Can I take ibuprofen when I'm pregnant?

It depends on what stage of pregnancy you're at, but if you're unsure it's best not to take ibuprofen when pregnant.

Ibuprofen is a non-steroidal anti-inflammatory medicine (NSAID). The Medicines and Healthcare Products Regulatory Agency (MHRA) advises that NSAIDs should not be used in the first two trimesters of pregnancy unless "the potential benefit to the patient outweighs the potential risk to the foetus". NSAIDs should not be used at all in the third trimester unless on the advice of a doctor.

Paracetamol, which is not an NSAID, is usually recommended as a safer choice than ibuprofen.

However, it's important to get advice from your midwife or GP before you take any medicine when you're pregnant.

Paracetamol during pregnancy

When you're pregnant, paracetamol is the preferred choice to treat:

  • mild or moderate pain
  • fever (high temperature)

For more information, see Can I take paracetamol when I'm pregnant?

Ibuprofen during pregnancy

During weeks 1 to 13 (first trimester), avoid taking ibuprofen as:

  • it may increase the risk of miscarriage
  • your baby could develop a heart defect or other abnormalities, such as defects in their abdominal wall or cleft palate

During weeks 14 to 27 (second trimester), you can take ibuprofen occasionally if you need medicine to relieve pain and reduce inflammation, but opt for paracetamol if possible.

During weeks 28 to 40 (third trimester), avoid taking ibuprofen because it may, for example:

  • increase the risk of heart problems that cause high blood pressure in your unborn baby's lungs
  • delay your labour
  • reduce the amount of amniotic fluid in which your baby floats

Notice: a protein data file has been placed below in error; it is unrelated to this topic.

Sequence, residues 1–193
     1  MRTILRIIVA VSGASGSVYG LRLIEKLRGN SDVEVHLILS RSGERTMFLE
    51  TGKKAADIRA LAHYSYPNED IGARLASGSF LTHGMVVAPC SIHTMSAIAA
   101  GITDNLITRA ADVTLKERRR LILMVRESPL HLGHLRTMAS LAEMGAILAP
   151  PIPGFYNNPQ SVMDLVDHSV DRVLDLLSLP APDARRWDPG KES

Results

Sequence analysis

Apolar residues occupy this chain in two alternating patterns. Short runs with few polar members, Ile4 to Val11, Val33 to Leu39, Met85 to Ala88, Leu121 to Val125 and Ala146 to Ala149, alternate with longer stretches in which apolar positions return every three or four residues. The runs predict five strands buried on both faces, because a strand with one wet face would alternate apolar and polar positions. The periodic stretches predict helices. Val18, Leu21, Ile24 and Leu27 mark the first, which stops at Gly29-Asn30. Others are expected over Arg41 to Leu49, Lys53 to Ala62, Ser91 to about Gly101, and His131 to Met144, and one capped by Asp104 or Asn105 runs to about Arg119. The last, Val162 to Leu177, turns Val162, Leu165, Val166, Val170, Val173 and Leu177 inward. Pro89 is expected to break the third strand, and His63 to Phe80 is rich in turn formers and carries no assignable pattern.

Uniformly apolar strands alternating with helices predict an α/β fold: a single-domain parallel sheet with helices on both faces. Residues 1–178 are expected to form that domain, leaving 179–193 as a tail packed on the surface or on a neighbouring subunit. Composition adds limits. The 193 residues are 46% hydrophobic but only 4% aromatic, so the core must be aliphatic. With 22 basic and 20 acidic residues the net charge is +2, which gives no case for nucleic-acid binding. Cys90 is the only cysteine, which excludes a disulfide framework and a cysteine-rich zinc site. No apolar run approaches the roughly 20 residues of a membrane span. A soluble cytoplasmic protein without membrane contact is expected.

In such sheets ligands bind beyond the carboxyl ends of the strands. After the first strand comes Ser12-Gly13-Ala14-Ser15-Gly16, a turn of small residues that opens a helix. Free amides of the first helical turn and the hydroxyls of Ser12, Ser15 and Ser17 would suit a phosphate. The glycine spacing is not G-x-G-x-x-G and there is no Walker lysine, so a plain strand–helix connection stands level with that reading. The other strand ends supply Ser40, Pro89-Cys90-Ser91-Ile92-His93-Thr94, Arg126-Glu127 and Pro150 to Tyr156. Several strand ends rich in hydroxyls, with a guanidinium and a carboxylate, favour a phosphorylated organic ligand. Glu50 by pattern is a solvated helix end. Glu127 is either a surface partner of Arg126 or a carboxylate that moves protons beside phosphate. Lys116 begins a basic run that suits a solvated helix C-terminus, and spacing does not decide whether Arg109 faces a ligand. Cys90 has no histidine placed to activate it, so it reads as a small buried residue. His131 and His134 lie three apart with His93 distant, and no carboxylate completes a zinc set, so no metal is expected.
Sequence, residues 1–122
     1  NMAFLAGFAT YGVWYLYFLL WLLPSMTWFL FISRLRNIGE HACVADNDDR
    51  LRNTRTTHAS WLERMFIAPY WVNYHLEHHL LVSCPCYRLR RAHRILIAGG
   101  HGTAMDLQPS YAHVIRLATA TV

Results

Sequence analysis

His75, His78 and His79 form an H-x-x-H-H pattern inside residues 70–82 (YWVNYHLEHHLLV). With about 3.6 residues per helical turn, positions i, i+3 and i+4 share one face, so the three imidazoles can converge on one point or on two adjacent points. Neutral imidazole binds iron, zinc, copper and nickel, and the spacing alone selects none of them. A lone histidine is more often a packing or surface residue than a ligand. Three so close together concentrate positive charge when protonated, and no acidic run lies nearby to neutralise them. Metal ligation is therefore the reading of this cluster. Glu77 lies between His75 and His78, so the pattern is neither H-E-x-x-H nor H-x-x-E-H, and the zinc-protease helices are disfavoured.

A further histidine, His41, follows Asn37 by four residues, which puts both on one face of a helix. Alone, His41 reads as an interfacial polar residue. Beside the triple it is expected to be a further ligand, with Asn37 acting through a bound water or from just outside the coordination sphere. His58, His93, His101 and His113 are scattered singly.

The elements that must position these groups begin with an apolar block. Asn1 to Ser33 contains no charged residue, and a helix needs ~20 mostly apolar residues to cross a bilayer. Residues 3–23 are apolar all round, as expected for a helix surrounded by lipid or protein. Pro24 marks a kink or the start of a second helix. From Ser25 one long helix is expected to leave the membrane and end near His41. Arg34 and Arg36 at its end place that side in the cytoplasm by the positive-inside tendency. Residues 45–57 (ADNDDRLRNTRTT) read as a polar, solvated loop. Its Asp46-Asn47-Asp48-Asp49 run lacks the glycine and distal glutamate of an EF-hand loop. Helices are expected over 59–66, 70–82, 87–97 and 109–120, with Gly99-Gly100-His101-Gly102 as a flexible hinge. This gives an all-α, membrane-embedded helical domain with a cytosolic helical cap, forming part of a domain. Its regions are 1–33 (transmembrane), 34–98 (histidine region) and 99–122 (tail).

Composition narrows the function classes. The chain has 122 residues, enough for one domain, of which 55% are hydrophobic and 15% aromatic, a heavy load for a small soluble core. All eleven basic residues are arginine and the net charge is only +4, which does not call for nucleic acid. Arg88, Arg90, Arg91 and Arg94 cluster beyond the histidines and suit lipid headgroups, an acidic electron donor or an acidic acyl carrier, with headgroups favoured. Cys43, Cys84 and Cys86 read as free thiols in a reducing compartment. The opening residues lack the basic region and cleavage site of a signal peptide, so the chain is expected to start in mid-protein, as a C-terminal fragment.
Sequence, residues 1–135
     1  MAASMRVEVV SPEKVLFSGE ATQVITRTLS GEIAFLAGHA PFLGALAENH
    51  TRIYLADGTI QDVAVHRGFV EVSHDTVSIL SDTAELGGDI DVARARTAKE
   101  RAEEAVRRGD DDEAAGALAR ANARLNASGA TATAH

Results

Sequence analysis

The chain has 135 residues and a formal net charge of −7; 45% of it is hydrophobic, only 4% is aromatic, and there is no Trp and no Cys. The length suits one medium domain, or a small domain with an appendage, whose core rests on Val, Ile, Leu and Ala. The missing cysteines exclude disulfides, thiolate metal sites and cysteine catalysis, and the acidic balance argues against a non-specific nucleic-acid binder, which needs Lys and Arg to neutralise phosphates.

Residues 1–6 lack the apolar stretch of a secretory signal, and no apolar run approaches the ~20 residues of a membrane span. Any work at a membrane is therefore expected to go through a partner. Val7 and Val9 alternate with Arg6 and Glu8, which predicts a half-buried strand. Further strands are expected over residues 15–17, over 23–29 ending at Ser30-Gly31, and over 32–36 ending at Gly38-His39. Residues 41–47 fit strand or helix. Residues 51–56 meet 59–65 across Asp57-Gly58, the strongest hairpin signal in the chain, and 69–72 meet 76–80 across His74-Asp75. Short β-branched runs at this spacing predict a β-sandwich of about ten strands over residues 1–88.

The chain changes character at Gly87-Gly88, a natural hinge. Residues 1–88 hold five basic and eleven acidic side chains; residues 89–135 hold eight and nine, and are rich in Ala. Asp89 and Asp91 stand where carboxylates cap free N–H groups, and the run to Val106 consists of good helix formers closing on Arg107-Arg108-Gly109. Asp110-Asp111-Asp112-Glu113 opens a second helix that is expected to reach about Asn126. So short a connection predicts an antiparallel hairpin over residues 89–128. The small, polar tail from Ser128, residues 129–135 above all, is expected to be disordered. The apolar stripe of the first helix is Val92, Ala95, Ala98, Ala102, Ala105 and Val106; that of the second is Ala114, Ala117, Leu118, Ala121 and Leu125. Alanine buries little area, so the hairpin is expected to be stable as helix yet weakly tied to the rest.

It's important only to take ibuprofen after week 28 on the advice of a doctor. Your pregnancy will be monitored regularly to check for any problems.

What if I've already taken ibuprofen?

If you've taken ibuprofen occasionally when you're pregnant, it's unlikely to cause harm to your unborn baby, but now opt to take paracetamol instead.

However, if you've taken frequent doses of ibuprofen after week 28, get advice from your GP.

Avoiding medicines during pregnancy

Ideally, avoid taking medicines when you're pregnant, particularly during the first three months. Conditions such as colds or minor aches and pains often don't need treating with medicines.

If you feel that you do need to take medicines when you're pregnant, talk to your midwife or GP first. You can also get advice from your local pharmacy, or call NHS 111.

If you take any medicine when you're pregnant, use the lowest effective dose for the shortest possible time. If the recommended dose doesn't control your symptoms or you're often in pain, get further advice from your midwife or GP.

Read the answers to more questions about pregnancy issues, including medicines, vaccinations and supplements.

Further information:

Page last reviewed: 28/03/2012

Next review due: 27/03/2014